Grading the Milwaukee Bucks’ under the radar signing of Rayjon Tucker

LAS VEGAS, NEVADA - DECEMBER 19: (Photo by Joe Buglewicz/Getty Images)
LAS VEGAS, NEVADA - DECEMBER 19: (Photo by Joe Buglewicz/Getty Images) /
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Wisconsin Herd: Rayjon Tucker
LAS VEGAS, NEVADA – DECEMBER 19 (Photo by Joe Buglewicz/Getty Images) /

In what should be the final transaction of the season, the Milwaukee Bucks signed Wisconsin Herd guard Rayjon Tucker to a three-year contract to fill their final roster spot that was opened when they waived DeAndre’ Bembry.

Tucker is a familiar name within the organization as he’s played over 50 games for the Bucks’ G League affiliate and is their all-time leading scorer. This is the fifth NBA team that he’s played with after stints with the Utah Jazz, Philadelphia 76ers, Minnesota Timberwolves, and Denver Nuggets before that.

Tucker is also the second Herd alum to be signed by the Bucks to an NBA contract this season after Lindell Wigginton was signed to a two-way deal earlier this season.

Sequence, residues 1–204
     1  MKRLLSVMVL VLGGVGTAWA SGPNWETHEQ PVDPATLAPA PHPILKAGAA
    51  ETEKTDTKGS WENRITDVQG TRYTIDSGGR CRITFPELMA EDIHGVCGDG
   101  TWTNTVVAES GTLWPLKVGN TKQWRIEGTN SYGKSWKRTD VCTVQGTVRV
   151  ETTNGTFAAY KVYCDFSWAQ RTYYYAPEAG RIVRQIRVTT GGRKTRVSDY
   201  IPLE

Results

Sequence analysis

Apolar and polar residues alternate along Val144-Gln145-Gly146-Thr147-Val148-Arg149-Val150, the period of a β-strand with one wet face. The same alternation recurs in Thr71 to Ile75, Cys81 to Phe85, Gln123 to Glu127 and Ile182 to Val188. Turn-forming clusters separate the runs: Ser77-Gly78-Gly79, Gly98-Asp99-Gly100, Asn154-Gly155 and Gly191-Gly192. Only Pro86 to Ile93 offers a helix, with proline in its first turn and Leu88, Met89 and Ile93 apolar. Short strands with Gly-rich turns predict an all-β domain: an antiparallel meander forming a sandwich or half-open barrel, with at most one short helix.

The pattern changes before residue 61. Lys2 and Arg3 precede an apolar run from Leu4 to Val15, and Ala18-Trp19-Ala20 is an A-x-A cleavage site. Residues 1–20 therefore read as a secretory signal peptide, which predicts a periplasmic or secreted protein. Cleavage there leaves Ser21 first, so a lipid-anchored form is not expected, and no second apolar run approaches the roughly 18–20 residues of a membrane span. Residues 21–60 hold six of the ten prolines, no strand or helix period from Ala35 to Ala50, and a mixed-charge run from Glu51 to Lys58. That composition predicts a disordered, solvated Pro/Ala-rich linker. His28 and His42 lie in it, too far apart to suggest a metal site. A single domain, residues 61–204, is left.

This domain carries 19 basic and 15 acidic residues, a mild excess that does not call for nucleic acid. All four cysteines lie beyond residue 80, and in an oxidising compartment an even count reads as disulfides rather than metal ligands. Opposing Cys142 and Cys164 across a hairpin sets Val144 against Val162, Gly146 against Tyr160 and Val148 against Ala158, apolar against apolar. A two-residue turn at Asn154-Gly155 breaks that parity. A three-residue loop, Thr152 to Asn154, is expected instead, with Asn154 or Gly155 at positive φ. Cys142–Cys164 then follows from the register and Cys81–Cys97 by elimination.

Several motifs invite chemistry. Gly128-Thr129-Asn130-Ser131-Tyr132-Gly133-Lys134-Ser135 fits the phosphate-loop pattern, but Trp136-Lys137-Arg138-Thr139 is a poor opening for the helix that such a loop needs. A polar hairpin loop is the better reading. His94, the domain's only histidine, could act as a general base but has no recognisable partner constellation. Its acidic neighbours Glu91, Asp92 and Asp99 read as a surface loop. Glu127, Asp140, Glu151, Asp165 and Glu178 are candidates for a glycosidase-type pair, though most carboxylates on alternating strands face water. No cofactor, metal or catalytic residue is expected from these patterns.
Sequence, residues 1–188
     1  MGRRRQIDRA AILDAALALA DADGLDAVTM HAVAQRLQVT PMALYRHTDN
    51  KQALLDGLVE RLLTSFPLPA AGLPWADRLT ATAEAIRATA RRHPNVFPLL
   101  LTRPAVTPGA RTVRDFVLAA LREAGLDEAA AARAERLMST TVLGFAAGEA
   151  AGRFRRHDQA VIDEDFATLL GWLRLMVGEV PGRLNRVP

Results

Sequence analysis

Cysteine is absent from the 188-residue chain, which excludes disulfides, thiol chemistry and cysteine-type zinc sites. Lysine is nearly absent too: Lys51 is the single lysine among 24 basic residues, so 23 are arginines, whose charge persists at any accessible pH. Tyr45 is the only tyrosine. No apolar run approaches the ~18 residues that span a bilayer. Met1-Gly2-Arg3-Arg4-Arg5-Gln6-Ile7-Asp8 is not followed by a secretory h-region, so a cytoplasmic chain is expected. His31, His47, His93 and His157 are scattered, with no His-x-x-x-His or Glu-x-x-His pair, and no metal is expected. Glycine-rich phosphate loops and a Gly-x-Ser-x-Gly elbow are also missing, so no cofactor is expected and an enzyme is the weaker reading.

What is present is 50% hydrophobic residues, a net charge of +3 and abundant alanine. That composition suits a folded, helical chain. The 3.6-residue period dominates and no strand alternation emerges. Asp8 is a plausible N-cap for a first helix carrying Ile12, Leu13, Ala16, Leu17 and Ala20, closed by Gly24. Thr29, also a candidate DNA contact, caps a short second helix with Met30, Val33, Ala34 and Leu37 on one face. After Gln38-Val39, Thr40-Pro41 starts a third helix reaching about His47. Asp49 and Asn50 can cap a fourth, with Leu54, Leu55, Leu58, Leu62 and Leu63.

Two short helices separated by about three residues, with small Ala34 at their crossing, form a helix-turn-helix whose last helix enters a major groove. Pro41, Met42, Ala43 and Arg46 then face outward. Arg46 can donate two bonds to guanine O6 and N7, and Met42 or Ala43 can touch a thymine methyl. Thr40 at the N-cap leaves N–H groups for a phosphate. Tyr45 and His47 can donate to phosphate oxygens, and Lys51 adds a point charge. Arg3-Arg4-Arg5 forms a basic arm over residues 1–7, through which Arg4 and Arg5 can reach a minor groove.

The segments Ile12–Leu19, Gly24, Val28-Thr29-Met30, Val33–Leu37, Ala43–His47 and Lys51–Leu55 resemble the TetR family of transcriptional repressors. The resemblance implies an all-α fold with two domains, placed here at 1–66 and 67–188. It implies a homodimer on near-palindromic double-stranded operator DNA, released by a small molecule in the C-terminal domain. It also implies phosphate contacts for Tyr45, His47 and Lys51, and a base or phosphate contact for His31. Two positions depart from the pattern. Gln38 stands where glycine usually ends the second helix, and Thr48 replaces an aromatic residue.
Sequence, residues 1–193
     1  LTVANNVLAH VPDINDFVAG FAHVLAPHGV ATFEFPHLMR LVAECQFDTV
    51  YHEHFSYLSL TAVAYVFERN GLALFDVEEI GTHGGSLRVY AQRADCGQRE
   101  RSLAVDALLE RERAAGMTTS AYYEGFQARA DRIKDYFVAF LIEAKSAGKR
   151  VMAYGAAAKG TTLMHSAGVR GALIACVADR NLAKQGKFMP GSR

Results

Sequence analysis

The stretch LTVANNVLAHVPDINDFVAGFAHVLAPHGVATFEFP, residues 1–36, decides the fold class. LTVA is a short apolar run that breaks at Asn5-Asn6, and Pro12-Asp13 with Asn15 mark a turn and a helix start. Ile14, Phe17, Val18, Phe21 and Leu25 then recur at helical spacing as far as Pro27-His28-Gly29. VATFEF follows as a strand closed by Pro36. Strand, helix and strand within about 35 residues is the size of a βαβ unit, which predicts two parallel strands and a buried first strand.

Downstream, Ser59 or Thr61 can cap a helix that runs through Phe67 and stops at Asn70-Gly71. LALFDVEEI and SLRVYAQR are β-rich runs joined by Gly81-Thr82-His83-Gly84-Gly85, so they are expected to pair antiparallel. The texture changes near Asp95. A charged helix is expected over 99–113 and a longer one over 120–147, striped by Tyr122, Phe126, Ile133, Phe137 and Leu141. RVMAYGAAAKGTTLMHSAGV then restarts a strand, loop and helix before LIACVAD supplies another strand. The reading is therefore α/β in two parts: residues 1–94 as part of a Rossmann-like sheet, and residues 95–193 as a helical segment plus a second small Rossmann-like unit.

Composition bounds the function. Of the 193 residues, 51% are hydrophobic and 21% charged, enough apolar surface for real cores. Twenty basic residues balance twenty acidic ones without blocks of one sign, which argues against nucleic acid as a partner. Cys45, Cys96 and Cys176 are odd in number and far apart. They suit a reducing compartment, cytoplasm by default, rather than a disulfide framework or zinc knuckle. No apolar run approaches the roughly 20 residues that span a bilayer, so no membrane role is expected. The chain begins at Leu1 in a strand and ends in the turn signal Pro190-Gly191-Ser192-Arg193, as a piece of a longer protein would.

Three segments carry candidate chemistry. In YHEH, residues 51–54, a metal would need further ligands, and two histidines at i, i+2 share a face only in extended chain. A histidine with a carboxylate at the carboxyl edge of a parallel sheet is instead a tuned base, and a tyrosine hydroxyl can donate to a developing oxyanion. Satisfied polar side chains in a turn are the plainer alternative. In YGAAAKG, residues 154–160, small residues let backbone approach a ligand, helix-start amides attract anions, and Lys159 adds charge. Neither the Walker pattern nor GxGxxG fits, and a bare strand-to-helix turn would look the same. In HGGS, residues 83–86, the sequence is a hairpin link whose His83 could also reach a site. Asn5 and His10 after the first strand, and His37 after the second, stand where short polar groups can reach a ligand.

Although Tucker may not play much at all when it matters, there’s still a lot to unpack with bringing him into the fold.

The financial aspect of Rayjon Tucker’s deal with the Milwaukee Bucks

It may jump off the page initially when you see that the Bucks signed Tucker to a three-year contract, but when you dive into the specifics of the deal, it’s not as eye-popping as it seems.

He is only being paid around $28 thousand for the rest of this season and then has two non-guaranteed years after that. Each of those non-guaranteed years is under $2 million with the highest being in 2023-24 when he could receive just over $1.9 million, according to Spotrac.

The contract given to Tucker is pretty standard for a player coming from the G League and the two non-guaranteed years are a nice show of good faith for a guy that has been a fantastic leader and culture-setter for the Herd when he’s been here.

This is very similar to the idea behind signing Luca Vildoza in that you give him a chance to compete for a roster spot next season but can let him go if it doesn’t work out. It also allows them to keep Tucker in the organization for his aforementioned leadership.

I’d like to see Tucker get a real chance at sticking with the team next season. He’ll likely be on the Summer League roster with Vildoza, Wigginton, Sandro Mamukelashvili, and whoever the Bucks add in the draft, and having a guy like Tucker who knows what the organization wants from their players is a big bonus.

All in all, there’s not much risk at all for the Bucks.